EU Climate Action Commissioner Miguel Arias Cañete countered that the Paris Agreement called for a more flexible differentiation than the developed/developing line of the 1990s.

“We fully respect what we agreed in Paris, but Paris also points out … that we have to have an enhanced transparency system with built-in flexibilities,” he said.

Countries that need flexibility should get it, while their capabilities are built up, he added.

The Green Climate Fund has extended its search for a new executive director to 3 January. Climate Home News understands big hitters like Nigerian former finance minister Ngozi Okonjo-Iweala and UN desertification chief Monique Barbut have been encouraged to apply, but many potential candidates are deterred by the Songdo location.

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MIL OSI – Source: Evening Report Arts and Media

Pacific ‘smart’ thinking grows creative tension between policy and research

ANALYSIS: By Professor Derrick Armstrong

A traditional view of the tension between research and policy suggests that researchers are poor at communicating their research findings to policy-makers in clear and unambiguous ways.

I am arguing that this is an outdated view of the relationship between research and policy. Science, including social science, and policy come together in many interesting and creative ways.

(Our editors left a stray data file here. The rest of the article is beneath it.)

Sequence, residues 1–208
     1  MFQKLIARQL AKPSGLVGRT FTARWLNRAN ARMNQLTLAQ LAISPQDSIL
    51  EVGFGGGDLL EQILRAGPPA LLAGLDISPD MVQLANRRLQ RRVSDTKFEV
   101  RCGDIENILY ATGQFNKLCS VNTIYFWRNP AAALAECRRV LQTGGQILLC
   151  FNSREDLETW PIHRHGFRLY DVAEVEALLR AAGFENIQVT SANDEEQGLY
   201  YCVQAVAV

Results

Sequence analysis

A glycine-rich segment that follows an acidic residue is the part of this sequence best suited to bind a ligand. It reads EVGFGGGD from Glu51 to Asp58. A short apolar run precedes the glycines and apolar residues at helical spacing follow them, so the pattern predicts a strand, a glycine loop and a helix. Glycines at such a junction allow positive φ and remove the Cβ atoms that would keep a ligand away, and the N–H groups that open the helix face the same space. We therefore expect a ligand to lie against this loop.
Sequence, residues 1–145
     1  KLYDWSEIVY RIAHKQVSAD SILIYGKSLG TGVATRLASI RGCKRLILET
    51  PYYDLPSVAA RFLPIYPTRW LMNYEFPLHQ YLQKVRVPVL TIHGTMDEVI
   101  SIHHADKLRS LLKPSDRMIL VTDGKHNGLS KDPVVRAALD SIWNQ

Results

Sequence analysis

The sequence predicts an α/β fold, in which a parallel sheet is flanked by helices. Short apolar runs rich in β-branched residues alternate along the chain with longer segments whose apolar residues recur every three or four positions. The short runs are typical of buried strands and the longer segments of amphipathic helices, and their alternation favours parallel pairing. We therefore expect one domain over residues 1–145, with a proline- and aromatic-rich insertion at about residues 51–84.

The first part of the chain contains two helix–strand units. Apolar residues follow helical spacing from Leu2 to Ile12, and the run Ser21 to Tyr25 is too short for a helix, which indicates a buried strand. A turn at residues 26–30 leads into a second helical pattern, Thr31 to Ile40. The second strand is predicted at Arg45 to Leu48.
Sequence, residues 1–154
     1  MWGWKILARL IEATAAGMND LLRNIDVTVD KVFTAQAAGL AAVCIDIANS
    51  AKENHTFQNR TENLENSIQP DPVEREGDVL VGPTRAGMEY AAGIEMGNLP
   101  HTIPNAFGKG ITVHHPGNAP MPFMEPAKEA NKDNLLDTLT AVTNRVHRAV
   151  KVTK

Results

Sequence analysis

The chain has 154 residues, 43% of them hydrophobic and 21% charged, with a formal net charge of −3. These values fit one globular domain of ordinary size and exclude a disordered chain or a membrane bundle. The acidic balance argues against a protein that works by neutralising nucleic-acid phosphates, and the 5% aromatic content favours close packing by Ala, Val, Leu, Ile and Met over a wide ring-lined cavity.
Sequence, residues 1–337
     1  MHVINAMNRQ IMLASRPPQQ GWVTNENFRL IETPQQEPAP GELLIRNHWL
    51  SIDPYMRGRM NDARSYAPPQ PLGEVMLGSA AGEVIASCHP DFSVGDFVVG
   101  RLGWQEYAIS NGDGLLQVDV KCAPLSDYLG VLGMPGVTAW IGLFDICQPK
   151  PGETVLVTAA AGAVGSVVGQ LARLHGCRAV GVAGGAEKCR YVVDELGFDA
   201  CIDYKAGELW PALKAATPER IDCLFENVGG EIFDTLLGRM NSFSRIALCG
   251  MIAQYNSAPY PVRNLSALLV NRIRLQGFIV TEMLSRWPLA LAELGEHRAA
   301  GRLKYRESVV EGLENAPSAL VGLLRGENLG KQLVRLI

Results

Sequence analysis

This does not mean that tensions between the two are dissolved but the conversation between research and policy centre as much on ideological and pragmatic issues as it does upon the strength of the scientific evidence itself.

READ MORE: The DevNet 2018 conference

Researchers are increasingly “smart” in the ways that they seek to influence public debate while policy-makers genuinely value the insights that research can provide in supporting political and policy agendas that goes beyond simply legitimating pre-existing policy choices.

For example, in climate change debates science cannot be seen simply as an arbiter of “truth” that informs policy and political decision-making. Science also plays an advocacy role in alliance with some social interests against others.

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Likewise, policy can draw on science but it can also reject the evidence of science where scientific evidence is weighed against the interests of other powerful voices in the policy-process.

Oceans research and policy provides a good example of this more sophisticated relationship between science and policy and suggests some of the significant disconnects and tensions that challenge the relationship as well as how creative tensions between the two operate in practice. Three areas of disconnect can be identified.

Practical disconnection